“It was about a year later that I got this message from someone that works inside Coke saying, ‘Hey we’d like to take your picture and share it on Twitter. Would you be OK with that?’” Joel says, “I was very excited, and it made my day.”
“About three weeks later, I got this phone call from them saying they had developed a project for me to moderate their Flickr community,” Joel recalls. “They [Coca-Cola] wanted me to take their Flickr page, help it grow and to use my photos to encourage other people to submit their photos based around their positive themes.”
Joel moderated Coca-Cola’s Flickr community for about a year and a half. When it was all over, Coca-Cola presented Joel with an incredible opportunity.
“In 2013, they offered me a role on the FIFA World Cup Trophy Tour,” Joel says. “It’s a worldwide tour, led by Coca-Cola and FIFA, taking the FIFA World Cup Trophy on a world tour of 90 countries. And they offered me the role of photographer and voice of social media. I was shocked.”
“It totally changed the course of my life,” Joel admits. “I was able to quit my job and accept photography as my full-time career, and I haven’t looked back since. It’s been non-stop, I feel more passionate about it every day, and I feel like I am allowed to share with the world what I see, and I feel very supported in that.”
— Imaginative Photographer Lands World Tour Job At Coke | Flickr Bog
Joel was a teacher before, but didn’t really feel as if he was connected to the creative part of his mind. One day he bought a cheap camera on eBay, taught himself about photography and Photoshop and the rest is history.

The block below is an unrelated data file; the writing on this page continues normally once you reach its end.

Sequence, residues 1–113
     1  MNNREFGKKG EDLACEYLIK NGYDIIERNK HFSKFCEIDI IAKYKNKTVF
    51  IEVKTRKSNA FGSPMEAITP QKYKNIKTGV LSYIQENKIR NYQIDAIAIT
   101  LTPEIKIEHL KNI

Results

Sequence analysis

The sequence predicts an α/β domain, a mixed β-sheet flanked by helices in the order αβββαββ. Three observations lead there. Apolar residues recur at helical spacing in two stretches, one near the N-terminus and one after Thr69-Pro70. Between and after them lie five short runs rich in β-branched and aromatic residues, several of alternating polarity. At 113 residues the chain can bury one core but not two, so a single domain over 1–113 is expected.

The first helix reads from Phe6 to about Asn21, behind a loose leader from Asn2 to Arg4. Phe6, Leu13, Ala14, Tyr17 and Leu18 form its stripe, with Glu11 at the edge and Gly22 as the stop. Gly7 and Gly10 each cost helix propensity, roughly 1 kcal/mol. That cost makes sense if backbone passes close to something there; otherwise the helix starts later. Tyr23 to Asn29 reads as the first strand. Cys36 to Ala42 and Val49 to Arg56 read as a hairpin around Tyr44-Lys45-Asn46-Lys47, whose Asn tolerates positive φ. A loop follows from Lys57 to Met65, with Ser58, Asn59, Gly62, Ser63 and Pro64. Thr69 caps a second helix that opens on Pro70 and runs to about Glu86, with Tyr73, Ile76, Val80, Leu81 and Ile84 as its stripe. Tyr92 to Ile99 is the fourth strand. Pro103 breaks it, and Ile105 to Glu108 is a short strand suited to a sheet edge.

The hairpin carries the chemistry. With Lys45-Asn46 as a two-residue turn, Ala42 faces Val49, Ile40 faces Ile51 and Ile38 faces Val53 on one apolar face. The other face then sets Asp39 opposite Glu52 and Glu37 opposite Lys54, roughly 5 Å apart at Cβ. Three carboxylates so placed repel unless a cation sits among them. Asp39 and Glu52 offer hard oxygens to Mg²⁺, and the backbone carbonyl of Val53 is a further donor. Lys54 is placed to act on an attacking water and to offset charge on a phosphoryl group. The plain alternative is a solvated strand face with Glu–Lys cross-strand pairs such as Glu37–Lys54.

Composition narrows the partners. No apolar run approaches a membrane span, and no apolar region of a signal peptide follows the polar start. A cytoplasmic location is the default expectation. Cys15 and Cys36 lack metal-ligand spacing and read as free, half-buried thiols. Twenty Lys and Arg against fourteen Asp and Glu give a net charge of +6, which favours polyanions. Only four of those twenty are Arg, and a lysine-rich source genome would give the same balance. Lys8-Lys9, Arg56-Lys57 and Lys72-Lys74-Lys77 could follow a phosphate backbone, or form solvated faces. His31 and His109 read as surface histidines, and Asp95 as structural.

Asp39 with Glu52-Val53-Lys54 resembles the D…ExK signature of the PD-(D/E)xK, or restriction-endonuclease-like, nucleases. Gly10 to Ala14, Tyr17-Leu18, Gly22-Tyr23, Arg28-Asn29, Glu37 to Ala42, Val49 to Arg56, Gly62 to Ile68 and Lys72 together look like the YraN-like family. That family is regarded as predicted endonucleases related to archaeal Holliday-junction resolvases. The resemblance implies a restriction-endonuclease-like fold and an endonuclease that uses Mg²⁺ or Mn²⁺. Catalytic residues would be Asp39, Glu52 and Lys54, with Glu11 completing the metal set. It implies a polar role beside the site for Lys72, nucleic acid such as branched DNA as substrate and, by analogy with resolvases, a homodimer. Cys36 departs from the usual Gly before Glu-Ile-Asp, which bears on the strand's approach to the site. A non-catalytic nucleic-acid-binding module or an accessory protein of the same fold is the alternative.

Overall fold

Notice that his breakthrough did not happen overnight. It took years.
Scott Schuman, aka, the Sartorialist. I’ve followed Scott’s blog for a long time. What pulled me to it was his authenticity. He was one of the trail blazers who paved the way for the fashion bloggers who now sit on the front row during Fashion Week.
He is also a self-taught photographer. His work has landed him commissioned ad campaigns with Nespresso, DKNY Jeans, Gant, OVS, Crate & Barrel, and Absolut. Burberry commissioned him to shoot a really cool (on his blog described as groundbreaking) social-media advertising campaign “Art of The Trench.” His photographs are displayed as part of the permanent collections of the Victoria & Albert Museum and the Tokyo Metropolitan Museum of Photography. Plus he has two books.
But today, I read that he now teaches a social media course at Domus Academy (way to go Scott).
Once again, none of this happened overnight. He started his blog in 2005.